Call me Writer.

During my internet travels recently, I read something interesting. And because I can no longer recall the source (I really, really wish I could)... I'm going to resort to clumsy paraphrasing.

The person said that a writer should introduce himself or herself as a writer. Not as an aspiring writer.  Not as a bartender.  Not as a sales clerk.  Not as a graduate student or anything else, but as a writer.  

The point was that when I say "I am a writer," I'm actualizing that goal. I'm making it a reality.

At least, I am if I say "I am a writer" and I actually write.  That is sort of key.

But when that's offered as a career, there are questions that come along with it.

"What do you write?" [insert stumbling summary of your nth draft novel here]

"Have you published anything?"  
or worse  
"Why haven't you published your novel?" 
or even worse (not that I would know about this...)
"Oh. I haven't heard of it."

And then there's the knowledge that, for all but a small percentage of writers, a different job pays the bills and occupies 40+ hours of the week.

Which is why I usually say... "I'm a graduate student.  I do science (ie, light things on fire and play with carcinogens)."

I've been very reluctant to introduce myself as a writer.

I don't really know when I began writing.  I remember writing stories and a little flip book about a goldfish (Goldie, in case you were wondering. Her boyfriendfish was Rio.) when I was really young.  I wrote the beginning of a novel in middle school.  I remember discovering poetry in high school.  And a passing but deep-seated hatred for the analytical essay.

I wrote snippets here and there, scenes and characters, all through high school and college.  

I joined a writing group almost two years ago.  I felt like an interloper, sitting there as people were discussing genre and story length and all kinds of things I'd never heard of.  I hadn't taken a writing class (except for ENGL395) since high school.  And that wasn't really even creative writing, that was literature.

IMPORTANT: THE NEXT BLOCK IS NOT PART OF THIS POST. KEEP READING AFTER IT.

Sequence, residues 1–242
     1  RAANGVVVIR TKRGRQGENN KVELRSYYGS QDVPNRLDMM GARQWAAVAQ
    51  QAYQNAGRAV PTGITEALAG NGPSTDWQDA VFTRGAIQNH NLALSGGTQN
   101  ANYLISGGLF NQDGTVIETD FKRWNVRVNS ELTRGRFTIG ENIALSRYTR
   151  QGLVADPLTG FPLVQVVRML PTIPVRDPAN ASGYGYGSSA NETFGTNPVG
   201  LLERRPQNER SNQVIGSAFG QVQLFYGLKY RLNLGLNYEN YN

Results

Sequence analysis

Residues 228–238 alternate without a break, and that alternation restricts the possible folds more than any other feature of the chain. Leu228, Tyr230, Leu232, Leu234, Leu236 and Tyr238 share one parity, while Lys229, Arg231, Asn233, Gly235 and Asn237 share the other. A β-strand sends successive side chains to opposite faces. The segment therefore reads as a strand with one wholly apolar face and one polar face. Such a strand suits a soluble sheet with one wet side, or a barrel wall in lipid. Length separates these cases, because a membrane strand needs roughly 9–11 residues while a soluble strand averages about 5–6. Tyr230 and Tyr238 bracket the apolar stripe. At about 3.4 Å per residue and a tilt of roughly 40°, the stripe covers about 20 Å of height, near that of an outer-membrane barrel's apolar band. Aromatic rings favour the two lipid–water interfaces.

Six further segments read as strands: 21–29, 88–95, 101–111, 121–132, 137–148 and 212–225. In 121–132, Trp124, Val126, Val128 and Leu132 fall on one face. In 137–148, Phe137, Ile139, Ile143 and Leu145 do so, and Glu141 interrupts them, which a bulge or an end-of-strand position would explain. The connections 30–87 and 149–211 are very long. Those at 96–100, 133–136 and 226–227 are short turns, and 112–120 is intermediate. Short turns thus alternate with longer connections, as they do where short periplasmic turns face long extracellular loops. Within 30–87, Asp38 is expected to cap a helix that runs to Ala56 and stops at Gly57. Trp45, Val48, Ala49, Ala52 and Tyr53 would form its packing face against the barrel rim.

It was very stressful.

But I joined the group because I knew I loved to write, and I made myself sit down and start writing again because I wanted to be a writer.  I was in a writer's group, after all.  Writing was probably, like, a requirement.

I remember telling someone then that I couldn't introduce myself as a writer because I hadn't published anything.

I now think that this is incorrect.  (Full disclosure: I haven't published any novels)

The purpose of this post is not to analyze the changing publishing industry, which is rapidly changing at the moment.  But I don't think I'm inaccurate in saying that anyone can 'get published' if they are willing to invest the resources. 

A published story or poem does not make someone a writer.  A contest award does not make someone a writer.

Am I getting ahead of myself?  Read on, and then share your opinion.

The alchemy that makes someone a writer happens way before that point.  I am a writer when I carve out the time in my schedule to write.  I am a writer when I forego the things I want to do because I know my Work-In-Progress needs attention.  I am a writer when I take a blank page and change it into something else, something that did not exist before, a unique brand of alchemy.

A writer looks at the world.  A writer captures essential elements of the human experience, which lay at the core of every story there is to tell.  This is why the classics are good and relevant long after they're written.  This is why a novel can keep a reader up long into the night, as one page flips into the next, until resolution or unconsciousness.

Writers capture the world (personal or beyond) in blogs or news stories. They analyze history or fact and create the undercurrent of story that should run beneath every nonfiction. They can make aioli sound appetizing (at its core it shouldn't.  Really.). This is not a genre distinction.

The road to publishing may long, but being a writer is fundamentally about action and choice.  It's not what someone thinks of your work or what reviews you get.  It is the energy and the tears and the frustration and the awe that spills on to the page while you work.  

It's fifteen rounds of edits on a single work, and that moment at four in the morning when your eyes fly open and you spring out of bed, just because you must write that thought down before it disappears.

It's a dedication to learning, improving, and living a craft that can grow and evolve over the span of a lifetime.

So yeah. I am a writer.

And sometimes, because it's awesome, too, I do science.

Do you call yourself a writer?  Do you wear other hats, too?  What makes a writer?  Tell me in the comments.

1 comment:

  1. Absolutely, call yourself a writer! A writer is someone who writes, period. I call myself a writer. I've heard people (writers) make the distinction of being a writer when unpublished and an "author" when published. LOL Maybe. I'm unpublished too. Join the club! It's a fun one.